We have already seen how to train linear networks by gradient descent. In trying to do the same for multilayer networks we encounter a difficulty: we don't have any target values for the hidden units. This seems to be an insurmountable problem  how could we tell the hidden units just what to do? This unsolved question was in fact the reason why neural networks fell out of favor after an initial period of high popularity in the 1950s. It took 30 years before the error backpropagation (or in short: backprop) algorithm popularized a way to train hidden units, leading to a new wave of neural network research and applications.
In principle, backprop provides a way to train networks with any number of hidden units arranged in any number of layers. (There are clear practical limits, which we will discuss later.) In fact, the network does not have to be organized in layers  any pattern of connectivity that permits a partial ordering of the nodes from input to output is allowed. In other words, there must be a way to order the units such that all connections go from "earlier" (closer to the input) to "later" ones (closer to the output). This is equivalent to stating that their connection pattern must not contain any cycles. Networks that respect this constraint are called feedforward networks; their connection pattern forms a directed acyclic graph or dag.
 
 
 

To compute this gradient, we thus need to know the activity and the error for all relevant nodes in the network.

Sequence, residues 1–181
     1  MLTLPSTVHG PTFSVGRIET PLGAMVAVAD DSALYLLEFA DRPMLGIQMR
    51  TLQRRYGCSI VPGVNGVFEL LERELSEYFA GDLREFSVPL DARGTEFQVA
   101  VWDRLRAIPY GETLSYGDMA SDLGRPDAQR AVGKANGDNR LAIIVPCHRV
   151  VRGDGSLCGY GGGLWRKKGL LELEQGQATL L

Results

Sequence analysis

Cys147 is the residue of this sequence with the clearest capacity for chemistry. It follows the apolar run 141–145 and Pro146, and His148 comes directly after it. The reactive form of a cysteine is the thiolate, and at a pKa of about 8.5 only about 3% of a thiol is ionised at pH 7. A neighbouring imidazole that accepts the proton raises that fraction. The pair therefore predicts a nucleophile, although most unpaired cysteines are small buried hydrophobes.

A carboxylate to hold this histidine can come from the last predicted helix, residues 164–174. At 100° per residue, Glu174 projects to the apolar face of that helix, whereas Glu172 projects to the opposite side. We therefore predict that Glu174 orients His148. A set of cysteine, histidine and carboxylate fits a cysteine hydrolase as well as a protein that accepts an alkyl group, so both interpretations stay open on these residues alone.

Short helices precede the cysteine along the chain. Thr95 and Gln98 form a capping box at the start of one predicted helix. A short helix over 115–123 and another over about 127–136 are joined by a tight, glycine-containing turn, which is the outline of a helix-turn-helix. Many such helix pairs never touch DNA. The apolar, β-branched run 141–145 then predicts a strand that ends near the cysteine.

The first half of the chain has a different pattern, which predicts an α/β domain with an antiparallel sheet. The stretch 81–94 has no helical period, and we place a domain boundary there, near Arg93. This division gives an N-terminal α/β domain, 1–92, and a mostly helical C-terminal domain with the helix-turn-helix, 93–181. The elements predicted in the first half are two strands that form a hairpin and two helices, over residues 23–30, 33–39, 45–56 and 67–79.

Note that before the activity of unit i can be calculated, the activity of all its anterior nodes (forming the set A_{i}) must be known. Since feedforward networks do not contain cycles, there is an ordering of nodes from input to output that respects this condition.
Of the three factors inside the sum, the first is just the error of node i. The second is
while the third is the derivative of node j's activation function:
For hidden units h that use the tanh activation function, we can make use
of the special identity
tanh(u)' = 1  tanh(u)^{2}, giving us
Putting all the pieces together we get
Note that in order to calculate the error for unit j, we must first know the error of all its posterior nodes (forming the set P_{j}). Again, as long as there are no cycles in the network, there is an ordering of nodes from the output back to the input that respects this condition. For example, we can simply use the reverse of the order in which activity was propagated forward.